In an article written for the US Forest Service, we learn the extent of selflessness of the humble wildflower.  They support entire ecosystems . . . Butterflies and other insects, small birds, and animals depend on seeds, nectar, and pollen for their food supply and life support, according to the write-up.  Are you noticing a pattern?

Believe it or not, even weeds can demonstrate generosity!  A Mother Earth News article shares that some weeds can benefit surrounding plants by protecting the soil, pulling up water and nutrients from great depths, and helping with insect control.  (Check out the article to determine which weeds you should keep!)

Nature provides us with an endless array of magnanimous acts.  The plant kingdom supports not only our well being, but also the health of its various members as well as other life.  This generosity seems to be part of Nature’s design of plants. Working with vegetation gives us access to that life-enriching bounty.

Blessings for Generosity,


The content of this article is for educational and informational purposes only, and is not intended as medical advice. Please consult with a qualified health care professional before acting on any information presented herein. Any statements about the possible health benefits of any subject discussed have not been evaluated by medical professionals or the Food & Drug Administration and are not intended to diagnose, treat, cure or prevent any disease or illness.

54 thoughts on “The Generosity of Plants

    1. Thank you for your lovely response, Cindy. Good for you! What are you planting? I will plant herbs, fennel, & wildflowers on Monday. My thumb is not what you’d call green, but I’m still excited & optimistic about my little garden! Hope your weekend is going well! I just came home from a wonderful massage so mine’s going great! 🌞😘🌼

      Liked by 3 people

      1. Always makes my day to see you and respond Lisa!~. Oh wow. I bet you’re safe there. I’m planting tomatoes, zucchini, eggplant, peppers, basil, pole bean, parsley and peppers. Now the battle with the birds and bugs. ha.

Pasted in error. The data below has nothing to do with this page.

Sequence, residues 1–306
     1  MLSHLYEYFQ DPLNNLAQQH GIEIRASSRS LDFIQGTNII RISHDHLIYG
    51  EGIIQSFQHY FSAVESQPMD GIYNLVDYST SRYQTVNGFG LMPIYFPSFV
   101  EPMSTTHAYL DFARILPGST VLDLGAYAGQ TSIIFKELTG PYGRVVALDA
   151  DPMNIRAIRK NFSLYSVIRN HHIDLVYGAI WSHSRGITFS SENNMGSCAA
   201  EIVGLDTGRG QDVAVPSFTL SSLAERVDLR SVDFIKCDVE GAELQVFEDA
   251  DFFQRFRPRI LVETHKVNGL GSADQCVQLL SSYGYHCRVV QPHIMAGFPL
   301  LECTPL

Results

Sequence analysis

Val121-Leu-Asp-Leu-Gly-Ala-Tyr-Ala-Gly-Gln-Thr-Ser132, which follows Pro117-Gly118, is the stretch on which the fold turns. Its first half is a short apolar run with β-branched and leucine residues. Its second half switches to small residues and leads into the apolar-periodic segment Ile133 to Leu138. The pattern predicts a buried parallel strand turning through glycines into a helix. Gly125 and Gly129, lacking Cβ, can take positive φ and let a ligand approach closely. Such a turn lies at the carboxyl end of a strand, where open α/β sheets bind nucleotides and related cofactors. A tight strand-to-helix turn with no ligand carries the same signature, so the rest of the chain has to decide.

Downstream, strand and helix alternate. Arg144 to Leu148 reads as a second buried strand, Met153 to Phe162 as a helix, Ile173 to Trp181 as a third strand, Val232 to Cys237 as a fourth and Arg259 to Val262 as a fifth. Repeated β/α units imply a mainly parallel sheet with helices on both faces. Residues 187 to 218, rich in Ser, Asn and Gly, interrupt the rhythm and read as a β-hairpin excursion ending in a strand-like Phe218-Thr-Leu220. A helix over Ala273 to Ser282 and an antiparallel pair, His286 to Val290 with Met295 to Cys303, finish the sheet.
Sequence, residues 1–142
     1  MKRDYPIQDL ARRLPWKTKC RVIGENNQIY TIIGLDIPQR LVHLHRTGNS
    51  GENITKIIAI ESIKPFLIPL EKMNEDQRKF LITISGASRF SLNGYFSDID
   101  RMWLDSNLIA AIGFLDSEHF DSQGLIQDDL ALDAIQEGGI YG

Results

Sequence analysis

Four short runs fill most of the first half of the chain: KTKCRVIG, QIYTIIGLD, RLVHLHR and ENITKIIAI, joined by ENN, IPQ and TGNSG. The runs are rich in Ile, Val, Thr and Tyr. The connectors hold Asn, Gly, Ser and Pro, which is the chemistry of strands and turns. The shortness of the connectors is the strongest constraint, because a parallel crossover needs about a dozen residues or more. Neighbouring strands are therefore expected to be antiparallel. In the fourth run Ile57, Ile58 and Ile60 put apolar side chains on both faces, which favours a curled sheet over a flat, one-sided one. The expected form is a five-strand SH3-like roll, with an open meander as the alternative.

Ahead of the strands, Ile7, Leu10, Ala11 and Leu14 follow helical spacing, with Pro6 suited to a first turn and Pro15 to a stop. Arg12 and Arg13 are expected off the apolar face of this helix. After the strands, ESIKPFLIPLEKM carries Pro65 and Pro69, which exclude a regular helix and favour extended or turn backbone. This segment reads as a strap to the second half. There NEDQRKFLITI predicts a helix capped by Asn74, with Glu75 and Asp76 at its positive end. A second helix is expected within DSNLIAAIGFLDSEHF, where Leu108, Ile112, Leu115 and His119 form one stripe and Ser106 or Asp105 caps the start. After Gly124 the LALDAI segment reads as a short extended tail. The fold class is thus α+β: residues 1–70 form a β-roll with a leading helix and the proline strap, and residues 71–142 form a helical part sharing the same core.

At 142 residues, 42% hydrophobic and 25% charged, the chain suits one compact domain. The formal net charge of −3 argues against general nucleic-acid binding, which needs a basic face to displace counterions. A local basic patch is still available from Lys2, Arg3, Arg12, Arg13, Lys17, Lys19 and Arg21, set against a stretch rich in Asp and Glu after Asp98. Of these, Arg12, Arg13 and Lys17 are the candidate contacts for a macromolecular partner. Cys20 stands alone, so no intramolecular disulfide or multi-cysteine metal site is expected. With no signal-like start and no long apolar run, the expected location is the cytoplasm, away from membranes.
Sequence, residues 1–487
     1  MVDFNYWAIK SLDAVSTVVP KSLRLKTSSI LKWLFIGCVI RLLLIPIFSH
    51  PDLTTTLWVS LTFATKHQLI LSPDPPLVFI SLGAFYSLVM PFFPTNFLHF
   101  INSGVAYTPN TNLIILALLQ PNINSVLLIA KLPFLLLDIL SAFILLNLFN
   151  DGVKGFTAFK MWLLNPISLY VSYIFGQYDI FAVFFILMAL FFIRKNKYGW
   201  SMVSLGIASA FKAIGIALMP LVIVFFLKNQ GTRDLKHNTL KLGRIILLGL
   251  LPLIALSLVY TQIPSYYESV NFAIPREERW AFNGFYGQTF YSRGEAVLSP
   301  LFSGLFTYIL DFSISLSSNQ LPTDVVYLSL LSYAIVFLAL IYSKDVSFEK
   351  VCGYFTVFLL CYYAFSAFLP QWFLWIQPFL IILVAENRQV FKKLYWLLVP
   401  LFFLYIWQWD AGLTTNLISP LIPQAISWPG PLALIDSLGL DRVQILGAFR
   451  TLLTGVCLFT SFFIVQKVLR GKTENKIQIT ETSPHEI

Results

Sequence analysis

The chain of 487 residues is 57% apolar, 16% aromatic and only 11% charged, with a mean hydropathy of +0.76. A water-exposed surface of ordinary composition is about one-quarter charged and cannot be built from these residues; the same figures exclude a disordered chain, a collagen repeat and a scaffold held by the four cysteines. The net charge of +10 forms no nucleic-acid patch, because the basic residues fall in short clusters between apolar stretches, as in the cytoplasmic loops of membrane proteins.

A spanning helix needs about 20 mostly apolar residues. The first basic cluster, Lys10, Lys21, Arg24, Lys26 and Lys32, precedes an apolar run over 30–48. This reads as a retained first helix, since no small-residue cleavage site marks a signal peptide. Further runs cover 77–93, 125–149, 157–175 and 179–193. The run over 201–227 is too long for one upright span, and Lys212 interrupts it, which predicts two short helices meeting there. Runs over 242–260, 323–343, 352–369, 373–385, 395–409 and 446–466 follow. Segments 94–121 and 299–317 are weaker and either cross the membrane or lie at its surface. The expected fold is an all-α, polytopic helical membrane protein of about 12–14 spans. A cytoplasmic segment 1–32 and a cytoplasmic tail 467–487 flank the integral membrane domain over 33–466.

It’s always fun in action. Surpring Garrett and playing Catan and my daughter pulled out the stops on thge decorations… more cookies next week… A massage?! oh man, we’re not starting to give them until mid June. How awesome for you!! 💖💖💖👏


      2. You’re too sweet! You must have excellent gardening skills! Beans, huh? I remember sweating profusely every time I picked beans as a child. So now, “I feel like I’ve been picking beans” sometimes finds its way into my conversations! More cookies next week? Wow! They are spoiling you! 🌞😘

        Liked by 1 person

  1. I read your enthusiastic post with interest but while it is good to read many people coming to the same conclusion, it is slightly puzzling that you didn’t notice quite a few of my posts, much earlier, presenting the same findings.

    Still, thank you for the enclosed information.


    Liked by 3 people

  2. A wonderful post, Lisa! Your writing is always clear and informative. You mention that Nature has designed plants to be generous! Indeed they are, and yet somewhere along the road of our own development we have decided only to take what we want without any return of generosity! Have a great weekend 💐💐🙋‍♂️

    Liked by 4 people

    1. Ashley, thank you for your ongoing support & kindness. You are spot-on: our species can be greedy & ungrateful when it comes to Nature’s gifts. My prayer is that one by one, our hearts are changed. You have a good weekend, as well, my friend! 🌞

      Liked by 1 person